If you're a recent graduate from University or College, then you'll most likely be on the hunt for your first proper job and hoping to step onto the career ladder very soon. No matter how confident (or unconfident) you are, carrying out the right preparation and thorough research prior to any interview is crucial in your success and making that all important first impression.
Life after graduation is an exciting time and shouldn't be scary, although the prospect of a job interview will most likely unsettle your nerves a bit. Practicing talking through your work, experience and preparing some potential questions will aid in your confidence and help deliver a great graduate interview. Straight from the experts, we've got a list of the most common graduate job interview questions (from a HR perspective) which you should expect to be asked. Think you're ready to make an impression?
Practicing and running through some of the potential questions listed below for a graduate job interview will be beneficial to both you and your future employer, as it'll mean that you can both gain more from the interview and hopefully have more of an open discussion about the job rather than a boring Q&A, as sometimes the interviewee will be a bit nervous too! Check out our experts guide below and run through some of these most common questions yourself. In order to put this list of most common questions together, we asked the below HR professionals one thing:
This graduate job interview questions feature has been interspersed with individual quote images where the full version of the infographic, created by Essay Writing Service UK, can be viewed here. These expert tips are a great reference point for when it comes to your graduate job preparation and will help you to ace that interview!
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"In every interview, you'll likely be asked in some way to "tell me about yourself" at the beginning of the conversation. I always tell job seekers that this is a trick question. Why? Because it's actually not a chance to tell the interviewer your life story, or how you got here. It's your first chance to make a great first impression. Instead of sharing where you're from, where you went to school, and how many jobs you've held before, have a great (and brief) overview prepared that shares a bit about who you are, why you love the type of work that you do, the impact that you want to make doing that work, and why you are excited to be chatting about this specific job, because you think the position provides a great opportunity to do that.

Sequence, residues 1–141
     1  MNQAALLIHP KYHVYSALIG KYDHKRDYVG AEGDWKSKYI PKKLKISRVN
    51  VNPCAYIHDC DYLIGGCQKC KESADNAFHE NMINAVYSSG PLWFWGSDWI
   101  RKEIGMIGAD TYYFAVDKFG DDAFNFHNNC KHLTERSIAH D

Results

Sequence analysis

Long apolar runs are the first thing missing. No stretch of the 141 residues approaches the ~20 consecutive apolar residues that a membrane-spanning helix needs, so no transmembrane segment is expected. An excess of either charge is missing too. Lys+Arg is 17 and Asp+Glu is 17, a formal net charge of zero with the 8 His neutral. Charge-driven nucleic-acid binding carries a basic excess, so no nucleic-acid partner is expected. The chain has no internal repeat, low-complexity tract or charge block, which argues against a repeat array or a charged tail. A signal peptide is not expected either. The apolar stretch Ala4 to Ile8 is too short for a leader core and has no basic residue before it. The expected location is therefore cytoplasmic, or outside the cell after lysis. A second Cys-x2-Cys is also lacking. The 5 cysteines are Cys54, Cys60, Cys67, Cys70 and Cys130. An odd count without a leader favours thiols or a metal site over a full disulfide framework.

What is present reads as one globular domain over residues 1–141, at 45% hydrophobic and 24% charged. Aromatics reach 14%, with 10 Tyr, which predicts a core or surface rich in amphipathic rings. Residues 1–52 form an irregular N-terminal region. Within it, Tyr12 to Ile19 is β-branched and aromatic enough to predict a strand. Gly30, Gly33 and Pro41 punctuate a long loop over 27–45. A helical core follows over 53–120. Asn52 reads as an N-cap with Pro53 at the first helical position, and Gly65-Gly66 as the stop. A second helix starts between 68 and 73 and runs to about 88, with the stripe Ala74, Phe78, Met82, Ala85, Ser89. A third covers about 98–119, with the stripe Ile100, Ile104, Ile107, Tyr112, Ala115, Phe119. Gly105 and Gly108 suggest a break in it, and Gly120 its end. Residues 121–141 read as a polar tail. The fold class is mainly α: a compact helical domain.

By answering the question this way, you avoid the (usually boring) personal backstory, avoid sharing any details about yourself that aren't relevant to the interview process, and put the interviewer in the frame of mind that you're prepared, you're possibly a great fit for this job, and they're going to be able to have a great discussion with you."
"Here are a few standard questions that are being asked every day:
And here are two questions I have personally asked any graduate I have ever interviewed:
"There are a handful of core questions that come up time and again in graduate interviews, and for which every candidate should prepare thoroughly. Based on our research and speaking to many graduate jobseekers over the past decade, we'd say these are the most critical questions:
1. Why are you applying for this position? This is almost always asked, because the interviewer wants to see evidence that you've thought about what the role offers, and why you think you'd be a good fit for it. An off-the-cuff answer is unlikely to pass muster; instead, you need to show that you've done your research on the company and the job, and you can point to your skills and experience that the role requires. Equally, though, don't give a robotic, scripted answer. Give a genuine response, but use your research as the foundation for it.